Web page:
I can't recommend Trauma Center highly enough. It's not for everyone - don't confuse it with those "casual games" you may have heard the DS has so many of. But if you like a challenge which is tough but always fair, and want a game which is well-designed, satisfying, and completely unique, then you really owe it to yourself to buy a copy.

If you're in Australia, you'll need to import one from another English speaking country (because to the best of my knowledge it wasn't released here). Pick up Phoenix Wright while you're at it (like I did) and you'll be a happy gamer.

Tag Line of the Year

[Computer Gaming]

Spotted on the back of Ultimate Fantastic Four Annual #2:

Super Monkey Ball Adventure
"In a Monkey Ball, no one can hear you scream."

That's really a pretty good description of my first and only experience with the Monkey Ball franchise, come to think of it.

Saturday, August 19, 2006

Rule of Rose

[Computer Gaming]

Somehow Rule of Rose had slipped under my radar until today. 1930s PS2 survival horror on board a living dirigible, detailing the story of a girl called Jennifer and her attempts to (a) survive, and (b) climb the social hierachy of a creepy group of evil vaguely-lesbian teenagers. And you have a pet dog.

I'm so there.
It looks kind of like Silent Hill meets Haunting Ground. Except, y'know, with extra helpings of creepy children and a dirigible. It's been out in Japan since last Christmas, and the West looks set to get it next month. Has anyone actually had any hands-on experience with this game?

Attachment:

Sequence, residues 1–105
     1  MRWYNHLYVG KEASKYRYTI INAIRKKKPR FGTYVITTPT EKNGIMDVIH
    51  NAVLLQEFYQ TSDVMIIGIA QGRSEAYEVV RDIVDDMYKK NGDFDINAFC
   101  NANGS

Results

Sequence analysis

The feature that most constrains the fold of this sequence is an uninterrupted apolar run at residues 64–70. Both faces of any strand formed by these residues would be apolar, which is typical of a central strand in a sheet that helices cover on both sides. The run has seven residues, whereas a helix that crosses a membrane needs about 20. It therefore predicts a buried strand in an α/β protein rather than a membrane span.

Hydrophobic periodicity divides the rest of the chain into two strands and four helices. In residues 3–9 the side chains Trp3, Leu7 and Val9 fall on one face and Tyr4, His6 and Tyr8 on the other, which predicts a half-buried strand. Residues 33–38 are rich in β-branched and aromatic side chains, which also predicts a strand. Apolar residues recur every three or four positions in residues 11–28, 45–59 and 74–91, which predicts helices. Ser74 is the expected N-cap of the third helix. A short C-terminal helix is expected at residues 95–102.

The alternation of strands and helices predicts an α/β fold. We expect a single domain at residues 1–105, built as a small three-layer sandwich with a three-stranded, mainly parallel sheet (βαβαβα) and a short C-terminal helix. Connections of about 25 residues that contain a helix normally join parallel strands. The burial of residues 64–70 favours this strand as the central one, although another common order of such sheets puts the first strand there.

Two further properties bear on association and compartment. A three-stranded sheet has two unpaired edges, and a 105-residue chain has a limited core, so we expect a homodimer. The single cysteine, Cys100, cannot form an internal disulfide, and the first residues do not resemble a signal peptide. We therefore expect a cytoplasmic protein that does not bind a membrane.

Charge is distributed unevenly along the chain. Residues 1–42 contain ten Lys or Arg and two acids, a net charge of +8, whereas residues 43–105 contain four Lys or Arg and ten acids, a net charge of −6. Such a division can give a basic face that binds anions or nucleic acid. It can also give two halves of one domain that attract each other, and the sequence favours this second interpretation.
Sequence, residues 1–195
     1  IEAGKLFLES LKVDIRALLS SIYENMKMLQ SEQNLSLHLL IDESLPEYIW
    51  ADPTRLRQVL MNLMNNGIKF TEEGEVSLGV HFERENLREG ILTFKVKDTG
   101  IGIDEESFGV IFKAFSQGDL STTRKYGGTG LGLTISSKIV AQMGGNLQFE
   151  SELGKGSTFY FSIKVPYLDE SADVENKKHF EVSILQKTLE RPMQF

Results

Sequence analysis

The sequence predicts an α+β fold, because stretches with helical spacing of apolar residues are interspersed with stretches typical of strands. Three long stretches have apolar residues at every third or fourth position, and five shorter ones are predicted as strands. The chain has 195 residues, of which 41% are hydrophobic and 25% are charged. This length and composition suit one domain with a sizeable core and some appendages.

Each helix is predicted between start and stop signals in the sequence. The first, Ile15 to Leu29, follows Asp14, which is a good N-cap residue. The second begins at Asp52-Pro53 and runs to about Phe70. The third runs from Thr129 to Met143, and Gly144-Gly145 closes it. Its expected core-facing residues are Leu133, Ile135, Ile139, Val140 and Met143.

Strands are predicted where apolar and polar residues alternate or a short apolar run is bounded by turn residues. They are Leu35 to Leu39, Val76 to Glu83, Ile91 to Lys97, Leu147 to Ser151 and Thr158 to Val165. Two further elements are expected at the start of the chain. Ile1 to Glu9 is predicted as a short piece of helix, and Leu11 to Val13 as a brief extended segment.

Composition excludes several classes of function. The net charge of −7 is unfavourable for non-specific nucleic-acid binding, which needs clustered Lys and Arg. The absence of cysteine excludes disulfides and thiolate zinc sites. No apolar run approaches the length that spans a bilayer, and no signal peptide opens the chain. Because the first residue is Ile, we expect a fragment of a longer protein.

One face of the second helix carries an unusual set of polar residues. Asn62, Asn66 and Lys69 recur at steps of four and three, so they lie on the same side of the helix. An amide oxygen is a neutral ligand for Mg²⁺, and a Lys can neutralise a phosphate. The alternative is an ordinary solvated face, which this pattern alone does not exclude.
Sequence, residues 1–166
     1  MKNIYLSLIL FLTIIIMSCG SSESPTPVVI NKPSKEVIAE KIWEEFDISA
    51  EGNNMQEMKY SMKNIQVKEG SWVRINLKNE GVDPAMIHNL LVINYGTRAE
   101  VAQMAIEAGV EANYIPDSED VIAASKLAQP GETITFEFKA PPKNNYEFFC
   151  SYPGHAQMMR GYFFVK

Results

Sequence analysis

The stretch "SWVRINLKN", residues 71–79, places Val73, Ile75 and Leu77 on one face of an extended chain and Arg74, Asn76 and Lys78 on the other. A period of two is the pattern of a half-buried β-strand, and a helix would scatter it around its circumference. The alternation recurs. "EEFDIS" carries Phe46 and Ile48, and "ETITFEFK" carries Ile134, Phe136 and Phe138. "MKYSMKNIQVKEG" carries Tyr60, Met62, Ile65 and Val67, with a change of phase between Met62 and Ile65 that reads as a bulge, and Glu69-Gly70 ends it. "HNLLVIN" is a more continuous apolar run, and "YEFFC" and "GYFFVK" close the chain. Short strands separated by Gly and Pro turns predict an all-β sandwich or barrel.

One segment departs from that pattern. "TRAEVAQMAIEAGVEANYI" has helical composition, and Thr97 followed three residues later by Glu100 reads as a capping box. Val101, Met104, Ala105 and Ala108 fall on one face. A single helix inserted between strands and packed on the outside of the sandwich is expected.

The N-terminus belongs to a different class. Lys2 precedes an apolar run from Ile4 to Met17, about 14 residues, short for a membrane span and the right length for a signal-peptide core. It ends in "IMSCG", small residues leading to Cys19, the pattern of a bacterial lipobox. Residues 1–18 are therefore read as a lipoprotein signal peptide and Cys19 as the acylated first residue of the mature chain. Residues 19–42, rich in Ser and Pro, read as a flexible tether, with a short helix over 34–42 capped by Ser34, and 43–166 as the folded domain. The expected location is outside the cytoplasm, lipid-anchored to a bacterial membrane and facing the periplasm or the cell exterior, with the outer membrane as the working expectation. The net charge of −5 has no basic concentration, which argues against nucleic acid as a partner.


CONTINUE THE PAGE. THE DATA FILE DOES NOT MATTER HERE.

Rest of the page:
Advance Wars Post-Mortem

[Now Experiencing] [Computer Gaming]

I'm a little late in coming to the Advance Wars party. Not only has the original GameBoy Advance game now passed into gaming history, but it has sequels on both the GBA and the DS which are similarly starting to show some age. Still, better late than never.

The popularity of the GBA led to a rennaissance for old-school gaming. Over the course of its lifespan, the spritely little GameBoy Advance saw a wealth of 2D platformers, isometric RPGs, and turn-based strategy games. Much as the PC remains the home of the first-person shooter and the real-time strategy, the GBA staked out its corner of the genre-verse and defended it tooth and nail.

Advance Wars is regarded by many as the pinnacle of GBA turn-based strategy, and admittedly for some very good reasons. It is superbly balanced, with a fantastic interface, an excellently designed learning curve, and pretty much all the bells, whistles and extras that you could ask from a turn-based strategy.

It's just a shame it's not very engaging.

Advance Wars places you in the role of an "advisor" to the Orange Star army, who are, as best I can tell, the good guys of the piece. From this position, you're tasked with, effectively, commanding a range of near-future military units ranging from rocket infantry through to tanks and helicopters, as you strive to defeat the predictably named Blue Moon, Green Earth, Yellow Comet, and Black Hole armies.

You go about this task with the aid of a CO, one of a range of cartoony personalities ranging from the cute Nell through to the sniper-cowboy Grit or the bumbling dictator Olaf. These individuals not only serve as the voice of the game's tutorial sections, but also are key figures in the plot (such as it is) and also bestow upon you a special power which can be activated every six turns or so which will give you a fairly apocalyptic edge over your opponent for the duration of a single turn.